Virtual reality is becoming increasingly useful in medical training—here’s how

By Naveed Saleh, MD, MS | Fact-checked by Barbara Bekiesz
Published March 4, 2024

Key Takeaways

  • Virtual reality (VR) offers residents and other learners an immersive and enjoyable experience that complements more-typical teaching methods.

  • Learners can make mistakes without consequences in a VR-training environment, supporting improved performance. VR is also less expensive than other forms of simulation learning.

  • The application of VR in medical education and training ranges from improving interview and counseling skills to teaching surgery and other procedures.

VR, or augmented reality, is quickly becoming well-known among the general population. Most popularly, VR headsets allow users to engage in an immersive version of their favorite video game. Now, VR is starting to be utilized in education and training across industries.

It's even working its way into medical training—both behavioral and procedural—offering an easily replicable and effective means for educators to impart various skill sets.

Benefits of VR in medical training

Medical education is evolving at an unrelenting clip, continually integrating new methods of learning.  Simulation, for example, supplants rote learning by providing practical, relevant, and experiential lessons. Simulation-based learning joins problem-based learning and communication-skills training as buzzworthy approaches to training tomorrow’s doctors.

An example is discussed in an article in Future Healthcare Journal.[] VR learners use a headset and laptop to engage in interactive experiences typical to the medical environment. The setup is simple and requires no faculty members. Learners can partake whenever they wish and need not be confined to large centers, as access is flexible.

VR scenarios are repeatable, meaning learners can make mistakes without consequence, and thus the technology supports improved performance. Learners also find the experience enjoyable, as gamification is an alluring aspect of the technology. Institutions also pay less for VR simulation vs other forms of simulation learning, for which costs are often unanticipated or prohibitive.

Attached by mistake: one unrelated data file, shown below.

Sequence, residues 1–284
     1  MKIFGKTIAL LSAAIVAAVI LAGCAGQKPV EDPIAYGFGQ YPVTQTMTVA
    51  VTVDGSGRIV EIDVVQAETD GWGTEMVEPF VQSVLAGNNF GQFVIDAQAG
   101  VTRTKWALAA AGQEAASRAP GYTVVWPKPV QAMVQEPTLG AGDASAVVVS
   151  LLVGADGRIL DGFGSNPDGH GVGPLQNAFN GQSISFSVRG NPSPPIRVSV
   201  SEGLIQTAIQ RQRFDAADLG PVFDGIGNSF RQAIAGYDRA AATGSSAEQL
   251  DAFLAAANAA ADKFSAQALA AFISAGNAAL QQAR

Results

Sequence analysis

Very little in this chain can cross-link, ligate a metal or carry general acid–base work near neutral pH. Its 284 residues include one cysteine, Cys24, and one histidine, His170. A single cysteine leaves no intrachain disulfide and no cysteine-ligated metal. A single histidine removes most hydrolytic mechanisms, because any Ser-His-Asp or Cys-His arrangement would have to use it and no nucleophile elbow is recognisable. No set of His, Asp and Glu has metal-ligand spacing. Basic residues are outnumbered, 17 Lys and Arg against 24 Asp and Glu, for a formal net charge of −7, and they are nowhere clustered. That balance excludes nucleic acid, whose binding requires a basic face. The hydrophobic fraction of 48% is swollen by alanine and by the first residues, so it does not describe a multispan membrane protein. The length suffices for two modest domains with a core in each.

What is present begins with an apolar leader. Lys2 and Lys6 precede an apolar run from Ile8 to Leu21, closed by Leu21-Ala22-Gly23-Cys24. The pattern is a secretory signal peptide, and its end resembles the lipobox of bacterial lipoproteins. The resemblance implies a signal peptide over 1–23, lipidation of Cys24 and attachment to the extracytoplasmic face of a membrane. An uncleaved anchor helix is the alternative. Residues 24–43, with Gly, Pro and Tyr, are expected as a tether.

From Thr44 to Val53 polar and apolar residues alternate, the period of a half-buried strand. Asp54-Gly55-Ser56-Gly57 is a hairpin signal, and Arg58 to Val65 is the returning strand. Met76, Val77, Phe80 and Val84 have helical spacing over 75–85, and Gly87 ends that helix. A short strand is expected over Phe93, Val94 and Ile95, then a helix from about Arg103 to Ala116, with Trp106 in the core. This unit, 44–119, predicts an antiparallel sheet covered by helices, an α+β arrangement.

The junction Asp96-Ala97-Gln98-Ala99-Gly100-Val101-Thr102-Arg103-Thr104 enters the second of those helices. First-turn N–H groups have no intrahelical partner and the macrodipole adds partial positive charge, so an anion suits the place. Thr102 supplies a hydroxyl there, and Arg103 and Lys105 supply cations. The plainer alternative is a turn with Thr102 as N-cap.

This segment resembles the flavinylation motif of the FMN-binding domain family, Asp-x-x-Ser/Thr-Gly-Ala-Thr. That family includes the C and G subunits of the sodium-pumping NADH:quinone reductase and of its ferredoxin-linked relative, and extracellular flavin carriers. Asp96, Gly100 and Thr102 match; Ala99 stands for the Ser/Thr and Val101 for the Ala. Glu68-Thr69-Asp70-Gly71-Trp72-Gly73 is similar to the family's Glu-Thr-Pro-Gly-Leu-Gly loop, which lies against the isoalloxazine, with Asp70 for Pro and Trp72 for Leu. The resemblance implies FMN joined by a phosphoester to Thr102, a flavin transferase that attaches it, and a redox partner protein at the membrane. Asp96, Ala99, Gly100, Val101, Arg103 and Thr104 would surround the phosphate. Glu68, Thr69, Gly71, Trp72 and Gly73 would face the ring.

Effectiveness of training methods

Various findings support the effectiveness of VR as a tool of immersive learning in a range of disciplines, not only medicine. In medicine, studies have indicated that medical students experience higher levels of knowledge gained with VR than with screen-based methods. In surgery, the use of VR has been shown to reduce injury, increase the efficiency of operations, and enhance clinical outcomes. 

A study reported in Frontiers in Virtual Reality compared the effectiveness of  low-cost cardboard viewer VR (CVVR) with that of commercially available integrated headset VR (IHVR) in helping radiation oncology residents learn to perform an intracavitary procedures.[]

Results showed that those training with immersive VR learned more, felt that the information included was more relevant to real-world environments, and felt a greater sense of “being there” during the learning experience.

Intriguingly, the VR delivered through the simple cardboard viewer was shown to potentially be just as effective as that delivered via a more expensive headset. This finding could drive down the costs of VR simulation training even further.

How VR is currently being used

The potential of VR in medical education and training appears limitless.

As the authors writing in Future Healthcare Journal explain: “If you can imagine being in a highly realistic computer game, you will have some approximation of what VR feels like. In the context of medical training this can include virtual wards, interactive patients, colleagues and relatives, with interaction similar to the real world.”

The authors give some illustrative examples of VR’s application.

The virtual ED

VR allows learners to practice in a virtual ED to assess presentations such as chest pain. Learners can practice taking a medical history, while examining, diagnosing, and even treating the patient. “Family members and an interdisciplinary team can be added, with everything from patient observations to blood [gasses] to realistic conversation adapting dynamically, as in real life,” the authors explain.